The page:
The report’s most scathing criticism of Russia’s actions was reserved for efforts to fabricate messages in the laboratory’s data system. Those efforts were an attempt to frame the whistle-blower Grigory Rodchenkov, the former head of the lab, as being part of a plot to extort athletes who had been caught doping.
“Far from recognizing the opportunity to come clean and draw a line under a scandal that has plagued, and drained resources from, international sport for years, the Russian authorities saw it as an opportunity to fraudulently promote their fabricated defense strategy and mitigate or avoid consequences of the doping scheme,” the report said.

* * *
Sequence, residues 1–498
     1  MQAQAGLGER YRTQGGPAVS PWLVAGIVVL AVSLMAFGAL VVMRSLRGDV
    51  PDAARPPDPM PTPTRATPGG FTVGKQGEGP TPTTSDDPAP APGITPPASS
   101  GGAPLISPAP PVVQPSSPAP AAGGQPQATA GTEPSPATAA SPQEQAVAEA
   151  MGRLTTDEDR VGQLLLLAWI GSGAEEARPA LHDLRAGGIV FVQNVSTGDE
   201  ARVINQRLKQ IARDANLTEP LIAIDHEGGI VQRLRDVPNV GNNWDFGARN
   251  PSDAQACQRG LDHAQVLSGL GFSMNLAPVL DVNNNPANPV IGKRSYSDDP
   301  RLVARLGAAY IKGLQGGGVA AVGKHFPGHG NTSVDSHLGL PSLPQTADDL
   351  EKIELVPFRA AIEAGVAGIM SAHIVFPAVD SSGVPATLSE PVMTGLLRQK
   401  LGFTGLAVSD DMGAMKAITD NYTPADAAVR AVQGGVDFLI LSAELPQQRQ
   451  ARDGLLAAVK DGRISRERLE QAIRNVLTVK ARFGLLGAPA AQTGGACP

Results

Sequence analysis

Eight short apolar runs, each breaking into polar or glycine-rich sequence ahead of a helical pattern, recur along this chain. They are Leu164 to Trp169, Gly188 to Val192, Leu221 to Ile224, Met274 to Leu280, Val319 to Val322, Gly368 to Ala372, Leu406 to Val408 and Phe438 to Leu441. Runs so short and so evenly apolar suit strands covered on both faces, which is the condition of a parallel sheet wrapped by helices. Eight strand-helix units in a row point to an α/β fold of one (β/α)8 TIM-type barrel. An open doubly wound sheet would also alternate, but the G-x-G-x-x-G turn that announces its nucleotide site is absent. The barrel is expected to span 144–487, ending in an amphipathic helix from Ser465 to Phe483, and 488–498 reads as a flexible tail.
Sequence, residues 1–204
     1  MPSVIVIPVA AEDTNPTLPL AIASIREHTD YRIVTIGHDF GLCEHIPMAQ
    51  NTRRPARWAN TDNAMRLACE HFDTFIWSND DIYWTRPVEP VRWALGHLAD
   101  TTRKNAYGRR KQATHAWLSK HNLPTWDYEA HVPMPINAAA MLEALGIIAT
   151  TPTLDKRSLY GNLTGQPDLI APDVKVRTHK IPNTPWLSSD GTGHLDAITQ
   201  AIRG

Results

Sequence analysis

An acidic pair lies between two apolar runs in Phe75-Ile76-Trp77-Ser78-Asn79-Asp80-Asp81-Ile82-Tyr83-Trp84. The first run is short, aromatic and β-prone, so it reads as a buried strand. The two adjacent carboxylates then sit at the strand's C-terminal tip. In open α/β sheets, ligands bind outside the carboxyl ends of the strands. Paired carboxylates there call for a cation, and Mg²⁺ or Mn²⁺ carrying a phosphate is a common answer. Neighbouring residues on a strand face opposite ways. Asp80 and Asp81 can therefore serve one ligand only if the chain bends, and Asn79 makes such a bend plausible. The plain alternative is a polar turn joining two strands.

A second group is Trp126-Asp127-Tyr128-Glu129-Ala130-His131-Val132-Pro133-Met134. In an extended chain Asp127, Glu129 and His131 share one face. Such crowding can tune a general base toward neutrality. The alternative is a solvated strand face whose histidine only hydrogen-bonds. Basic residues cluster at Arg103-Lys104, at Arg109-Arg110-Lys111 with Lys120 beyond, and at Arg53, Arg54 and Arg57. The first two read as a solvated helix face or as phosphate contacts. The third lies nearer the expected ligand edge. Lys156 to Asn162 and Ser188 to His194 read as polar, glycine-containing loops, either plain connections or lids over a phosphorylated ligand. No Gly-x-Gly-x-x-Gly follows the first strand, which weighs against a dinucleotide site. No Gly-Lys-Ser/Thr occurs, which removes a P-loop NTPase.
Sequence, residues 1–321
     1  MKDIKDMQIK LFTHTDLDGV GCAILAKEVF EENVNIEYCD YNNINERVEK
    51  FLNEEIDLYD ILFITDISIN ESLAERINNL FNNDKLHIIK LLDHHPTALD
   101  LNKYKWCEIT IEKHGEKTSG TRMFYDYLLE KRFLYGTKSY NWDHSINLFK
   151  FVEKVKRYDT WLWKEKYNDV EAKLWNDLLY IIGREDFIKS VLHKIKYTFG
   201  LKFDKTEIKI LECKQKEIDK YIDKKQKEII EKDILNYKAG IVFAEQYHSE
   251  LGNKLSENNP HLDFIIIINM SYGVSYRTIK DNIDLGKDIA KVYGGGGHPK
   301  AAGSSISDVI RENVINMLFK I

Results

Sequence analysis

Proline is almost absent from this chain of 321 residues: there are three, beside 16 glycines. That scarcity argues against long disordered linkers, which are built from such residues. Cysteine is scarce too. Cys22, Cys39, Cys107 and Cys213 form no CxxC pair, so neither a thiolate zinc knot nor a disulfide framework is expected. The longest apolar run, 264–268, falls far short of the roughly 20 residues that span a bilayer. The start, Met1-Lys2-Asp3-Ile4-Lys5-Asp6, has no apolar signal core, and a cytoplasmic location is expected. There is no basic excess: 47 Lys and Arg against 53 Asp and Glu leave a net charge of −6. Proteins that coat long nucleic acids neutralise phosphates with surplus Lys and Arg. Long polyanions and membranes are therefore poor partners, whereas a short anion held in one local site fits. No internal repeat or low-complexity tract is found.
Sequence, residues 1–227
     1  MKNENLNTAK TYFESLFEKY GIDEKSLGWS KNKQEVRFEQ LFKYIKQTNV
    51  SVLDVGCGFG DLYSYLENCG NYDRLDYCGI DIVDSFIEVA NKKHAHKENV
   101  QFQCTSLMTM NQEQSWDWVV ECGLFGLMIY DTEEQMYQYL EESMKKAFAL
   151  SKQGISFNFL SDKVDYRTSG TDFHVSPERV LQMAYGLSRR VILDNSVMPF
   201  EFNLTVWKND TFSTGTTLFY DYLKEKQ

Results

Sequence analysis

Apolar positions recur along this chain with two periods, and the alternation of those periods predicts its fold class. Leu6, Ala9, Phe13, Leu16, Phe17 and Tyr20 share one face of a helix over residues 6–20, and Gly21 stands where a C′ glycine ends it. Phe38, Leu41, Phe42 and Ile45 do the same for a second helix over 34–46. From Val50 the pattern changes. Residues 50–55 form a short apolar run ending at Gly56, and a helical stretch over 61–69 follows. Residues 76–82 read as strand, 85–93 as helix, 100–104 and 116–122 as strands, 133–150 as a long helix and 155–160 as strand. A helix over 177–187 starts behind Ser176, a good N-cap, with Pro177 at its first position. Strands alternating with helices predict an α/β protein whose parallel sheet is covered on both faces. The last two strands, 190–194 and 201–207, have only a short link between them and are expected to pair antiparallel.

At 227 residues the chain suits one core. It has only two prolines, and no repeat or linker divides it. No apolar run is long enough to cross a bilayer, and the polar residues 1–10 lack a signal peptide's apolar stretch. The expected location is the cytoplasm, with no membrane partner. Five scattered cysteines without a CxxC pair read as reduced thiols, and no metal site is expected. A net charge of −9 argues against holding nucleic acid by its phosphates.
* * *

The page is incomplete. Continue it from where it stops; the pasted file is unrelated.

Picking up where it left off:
Because of Russia’s manipulation of the data, the panel said, “it will never be possible to know the number of cheating athletes or officials who may have escaped detection.”
The panel also agreed with WADA’s assessment that the scandal was conducted with the full knowledge and involvement of people at the highest levels of the Russian government.
“When the cover-up of the doping scheme began to unravel, the solution adopted by the Russian authorities was not to come clean but rather to double down by seeking to cover up the cover-up,” it said. The report went on to agree with WADA that only the strictest penalties would be sufficient to deter others from attempting a similar schemes.